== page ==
Pruning hydrangeas can be very tricky because there are so many varieties and species. I hope in this blog to help you understand how to prune your hydrangeas to keep them healthy, happy, and flowering at their best. I am sharing the advice of Dr. Bir, North Carolina plant expert, extraordinaire.
According the Richard Bir (http://www.ces.ncsu.edu/fletcher/staff/rbir/index.html), “The most straightforward hydrangeas to prune are the mostly white flowered, extremely tough and hardy Hydrangea paniculata and Hydrangea arborescens cultivars.” The H. paniculata cultivars found at Caan’s, include, ‘Great Star’, ‘Pinky Winky’, ‘Tardiva’, ‘Quick Fire’, ‘Pee Gee’, and ‘Bombshell’. H. arborescens cultivars include ‘Annabelle’ and ‘Incrediball’, and ‘Bella Anna’, and ‘Invincible Spirit’. Dr. Bir further states, “All selections of these two species flower on new wood. Therefore, they can be cut back immediately after flowering…or they can be cut back in the winter and still be expected to flower the following year. How far you cut them back is strictly personal preference. Unless you live in a restricted community with pruning covenants, there are no pruning police. You do not HAVE to prune H. arborescens or H. paniculata at all but it makes for a neater plant…”
Again, according to Mr. Bir, “These species, the oak leaf and big leaf hydrangeas, are alleged to flower on buds that were formed the previous season. Therefore, if you prune them in late fall, winter or early spring, you will be cutting off that season’s flowers. If drastic pruning is required, do it immediately after flowering. The best and safest way to prune them is to remove some older stems but leave most stems so that you are removing about one-third of the growth each year. That said, my experience is that these plants have not all read the books. We have cultivars in our H. macrophylla trials that continue to produce new flowers for months on growth that is feet from any buds that could seemingly have been formed the previous season. It seems unlikely that these flower buds opening in September were formed the previous September. Many of these cultivars are also killed nearly to the earth every winter but regrow from buds an inch or two above the earth and flower a few feet above the ground. In nurseries I see quart liners put in five gallon pots that have full five gallon, flowering plants of cultivars like ‘Nikko Blue’ by fall. These flowers all appear to be on current season growth to me.”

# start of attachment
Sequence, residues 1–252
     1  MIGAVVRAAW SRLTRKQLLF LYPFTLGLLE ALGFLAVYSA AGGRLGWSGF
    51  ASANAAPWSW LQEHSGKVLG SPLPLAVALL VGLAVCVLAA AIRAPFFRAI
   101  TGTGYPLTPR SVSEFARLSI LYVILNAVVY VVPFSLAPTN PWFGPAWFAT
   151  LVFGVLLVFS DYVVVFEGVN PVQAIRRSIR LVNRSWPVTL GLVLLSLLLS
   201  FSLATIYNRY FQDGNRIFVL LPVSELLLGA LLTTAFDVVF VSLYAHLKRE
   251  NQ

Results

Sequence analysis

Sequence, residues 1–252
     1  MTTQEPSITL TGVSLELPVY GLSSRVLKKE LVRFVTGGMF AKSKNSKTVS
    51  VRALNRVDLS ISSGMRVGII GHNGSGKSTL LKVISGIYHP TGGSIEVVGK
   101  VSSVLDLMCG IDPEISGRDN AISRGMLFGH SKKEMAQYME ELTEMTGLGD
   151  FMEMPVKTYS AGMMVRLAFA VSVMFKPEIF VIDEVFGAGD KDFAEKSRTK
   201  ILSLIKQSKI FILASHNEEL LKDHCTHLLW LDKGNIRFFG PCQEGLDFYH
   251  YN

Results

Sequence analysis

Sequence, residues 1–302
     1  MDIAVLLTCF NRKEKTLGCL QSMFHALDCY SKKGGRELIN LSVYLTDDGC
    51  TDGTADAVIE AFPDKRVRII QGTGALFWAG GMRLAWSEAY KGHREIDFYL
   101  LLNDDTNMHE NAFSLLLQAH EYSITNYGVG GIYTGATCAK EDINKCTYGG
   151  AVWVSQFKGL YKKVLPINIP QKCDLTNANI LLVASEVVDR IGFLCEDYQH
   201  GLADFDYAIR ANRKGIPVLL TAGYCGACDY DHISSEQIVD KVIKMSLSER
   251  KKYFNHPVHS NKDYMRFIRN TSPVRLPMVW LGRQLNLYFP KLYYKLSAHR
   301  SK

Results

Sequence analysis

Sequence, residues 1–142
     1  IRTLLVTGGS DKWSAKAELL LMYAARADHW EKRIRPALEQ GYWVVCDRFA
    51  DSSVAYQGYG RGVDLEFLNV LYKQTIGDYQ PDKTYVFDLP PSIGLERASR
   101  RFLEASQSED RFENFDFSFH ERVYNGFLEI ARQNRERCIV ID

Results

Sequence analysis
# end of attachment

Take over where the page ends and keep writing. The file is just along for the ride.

Now, let’s talk about the rebloomers like “Endless Summer” and “Forever and Ever” mopheads. In my experience, wait till the new growth greens up nicely—don’t rush, these plants are a little slow off the starting block in spring, then prune off the obviously dead tips of the branches. There should be nice big fat buds visible on the healthy green growth below. After the first run of blooms, remove the flower heads promptly to induce new growth.
For winter interest, I like to leave the last run of flower heads on the plant for winter interest. As with any woody plant, it is not good to prune too late in the season. This exposes the plants to winter injury. So, leaving these late season flowers on is a great way to prevent late season pruning.
One final thought, hydrangeas that aren’t white are unique to the plant world because you can manipulate the color of the blooms. A neutral to alkaline soil will produce pink flowers; an acidic soil, blue ones. The easiest way to turn them from pink to blue is to add Espoma Soil Acidifier along with a bit of peat moss around the base of the plant. Mulch as needed to dress up your garden bed.